We are tying ourselves to a system because of who the DC is and not what our players can do best. It is like I have said, there is a template and hell or highwater we are going to squeeze people into that template. This is exactly what I have been saying for the past two season. Every year we "project" that a player can "maybe" convert to a 3-4 DE or a 3-4 OLB and then after 3 years whn it doesn't work we try to say we have bad players or the front office is all screwed up. What is screwed up is the whole conversion notion. Why not bring the players in to play the position you just spent a couple of years watching and scouting them playing in college? I bet we would see much earlier contributions and a faster learning curve in their adjustment to the NFL.

Slapstick
09-26-2012, 08:58 AM
If the defense had a history of failure, I could see your point...

However, I will allow the coaches to do their jobs over the next 13 games before I acknowledge a total failure on their part...

ikestops85
09-26-2012, 04:06 PM
Excellent post. All this nonsense about all of sudden we have bad players is nothing but making excuses for the real problem.

The following quote hits the nail on the head


We are tying ourselves to a system because of who the DC is and not what our players can do best. It is like I have said, there is a template and hell or highwater we are going to squeeze people into that template. This is exactly what I have been saying for the past two season. Every year we "project" that a player can "maybe" convert to a 3-4 DE or a 3-4 OLB and then after 3 years whn it doesn't work we try to say we have bad players or the front office is all screwed up. What is screwed up is the whole conversion notion. Why not bring the players in to play the position you just spent a couple of years watching and scouting them playing in college? I bet we would see much earlier contributions and a faster learning curve in their adjustment to the NFL.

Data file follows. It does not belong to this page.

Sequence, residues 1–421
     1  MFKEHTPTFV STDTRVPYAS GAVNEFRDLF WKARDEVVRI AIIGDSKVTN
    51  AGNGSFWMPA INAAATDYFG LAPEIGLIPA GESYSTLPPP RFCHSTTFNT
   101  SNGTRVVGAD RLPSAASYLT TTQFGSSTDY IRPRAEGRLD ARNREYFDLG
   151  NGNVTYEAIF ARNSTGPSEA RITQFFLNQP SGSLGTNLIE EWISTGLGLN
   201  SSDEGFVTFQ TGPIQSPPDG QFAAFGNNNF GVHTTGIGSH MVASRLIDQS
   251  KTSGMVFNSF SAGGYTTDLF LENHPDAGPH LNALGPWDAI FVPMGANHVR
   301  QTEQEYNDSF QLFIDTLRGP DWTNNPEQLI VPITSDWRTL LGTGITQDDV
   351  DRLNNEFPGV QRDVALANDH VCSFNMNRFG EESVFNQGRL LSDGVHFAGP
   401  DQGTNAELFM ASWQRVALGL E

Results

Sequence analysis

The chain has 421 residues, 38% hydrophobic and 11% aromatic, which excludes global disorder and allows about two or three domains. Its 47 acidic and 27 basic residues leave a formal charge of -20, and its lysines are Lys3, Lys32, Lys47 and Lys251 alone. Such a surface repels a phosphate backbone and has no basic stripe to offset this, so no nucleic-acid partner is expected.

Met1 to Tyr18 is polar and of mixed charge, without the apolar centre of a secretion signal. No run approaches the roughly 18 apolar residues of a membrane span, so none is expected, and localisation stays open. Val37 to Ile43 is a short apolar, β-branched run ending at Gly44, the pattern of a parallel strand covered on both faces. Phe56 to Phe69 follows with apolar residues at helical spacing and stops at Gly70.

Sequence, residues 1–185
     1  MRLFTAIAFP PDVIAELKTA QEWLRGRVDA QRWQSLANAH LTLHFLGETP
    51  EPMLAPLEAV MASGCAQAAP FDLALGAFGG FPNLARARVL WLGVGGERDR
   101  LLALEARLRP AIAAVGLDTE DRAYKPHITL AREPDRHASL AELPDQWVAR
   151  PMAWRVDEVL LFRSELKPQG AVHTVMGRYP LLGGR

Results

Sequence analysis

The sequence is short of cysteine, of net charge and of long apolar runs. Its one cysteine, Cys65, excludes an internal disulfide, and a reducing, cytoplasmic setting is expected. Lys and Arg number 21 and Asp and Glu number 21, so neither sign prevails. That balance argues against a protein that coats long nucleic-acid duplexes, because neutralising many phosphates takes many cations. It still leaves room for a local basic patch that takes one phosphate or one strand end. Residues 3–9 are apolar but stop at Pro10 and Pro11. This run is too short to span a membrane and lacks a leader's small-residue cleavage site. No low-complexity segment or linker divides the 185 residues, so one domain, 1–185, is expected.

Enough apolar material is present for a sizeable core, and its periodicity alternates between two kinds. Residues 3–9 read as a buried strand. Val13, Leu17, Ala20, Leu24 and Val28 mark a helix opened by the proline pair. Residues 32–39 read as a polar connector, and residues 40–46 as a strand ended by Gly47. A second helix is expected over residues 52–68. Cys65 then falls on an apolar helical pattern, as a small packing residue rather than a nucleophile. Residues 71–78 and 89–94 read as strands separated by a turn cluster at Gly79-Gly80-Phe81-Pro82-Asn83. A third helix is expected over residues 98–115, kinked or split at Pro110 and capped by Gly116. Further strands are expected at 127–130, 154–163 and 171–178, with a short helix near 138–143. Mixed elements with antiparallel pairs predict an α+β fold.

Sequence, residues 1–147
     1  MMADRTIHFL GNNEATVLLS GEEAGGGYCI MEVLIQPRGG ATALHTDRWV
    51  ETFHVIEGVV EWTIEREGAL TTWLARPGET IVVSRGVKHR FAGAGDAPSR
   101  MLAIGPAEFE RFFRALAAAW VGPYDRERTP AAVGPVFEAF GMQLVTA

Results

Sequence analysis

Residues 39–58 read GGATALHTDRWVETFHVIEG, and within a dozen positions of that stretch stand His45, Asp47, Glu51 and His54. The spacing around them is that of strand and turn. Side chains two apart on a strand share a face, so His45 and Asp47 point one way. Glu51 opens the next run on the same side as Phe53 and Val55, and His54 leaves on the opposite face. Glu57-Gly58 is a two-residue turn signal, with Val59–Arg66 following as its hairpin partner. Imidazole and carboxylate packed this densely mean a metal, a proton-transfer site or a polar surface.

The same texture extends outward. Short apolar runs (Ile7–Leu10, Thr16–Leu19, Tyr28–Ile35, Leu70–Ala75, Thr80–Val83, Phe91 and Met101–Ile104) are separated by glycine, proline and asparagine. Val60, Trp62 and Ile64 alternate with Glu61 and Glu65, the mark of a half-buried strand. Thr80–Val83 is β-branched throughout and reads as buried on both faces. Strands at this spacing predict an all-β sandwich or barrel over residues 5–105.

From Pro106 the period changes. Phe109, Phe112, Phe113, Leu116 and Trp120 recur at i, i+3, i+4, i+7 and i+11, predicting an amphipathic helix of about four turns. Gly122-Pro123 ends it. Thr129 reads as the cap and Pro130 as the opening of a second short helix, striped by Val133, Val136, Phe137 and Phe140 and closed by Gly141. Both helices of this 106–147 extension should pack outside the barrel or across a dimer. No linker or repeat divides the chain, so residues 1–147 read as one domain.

So what you are saying is that we shouldn't draft players who played in a spread offense ... or any offense other than a pro set. Or are you saying our offense ought to switch to the spread or wishbone if that is the system we draft players from? You are starting to confuse me. :confused:

Oviedo
09-26-2012, 05:24 PM
So what you are saying is that we shouldn't draft players who played in a spread offense ... or any offense other than a pro set. Or are you saying our offense ought to switch to the spread or wishbone if that is the system we draft players from? You are starting to confuse me. :confused:

Our Offensive Coord, even Arians, seem to have had little trouble getting those guys up to standard and on the field playing. It is our Defensive Coord who seems to take as long as it takes to get an Associates Degree to make it happen.

BTW playing in the spread in college actually is becoming an asset in today's NFL especially for skill position players. Does that help with the confusion?

hawaiiansteel
10-04-2012, 05:26 AM
Late letdowns on defense hurting Steelers

By Alan Robinson
Published: Wednesday, October 3, 2012

http://triblive.com/csp/mediapool/sites/dt.common.streams.StreamServer.cls?STREAMOID=v5q4j MpiO7NgPDf7PnmfRM$daE2N3K4ZzOUsqbU5sYvX3LODc3DZlIS ZvF4vSnoBWCsjLu883Ygn4B49Lvm9bPe2QeMKQdVeZmXF$9l$4 uCZ8QDXhaHEp3rvzXRJFdy0KqPHLoMevcTLo3h8xh70Y6N_U_C ryOsw6FTOdKL_jpQ-&CONTENTTYPE=image/jpeg

Steelers saftey Ryan Clark returns an interception against the Raiders in a loss earlier this season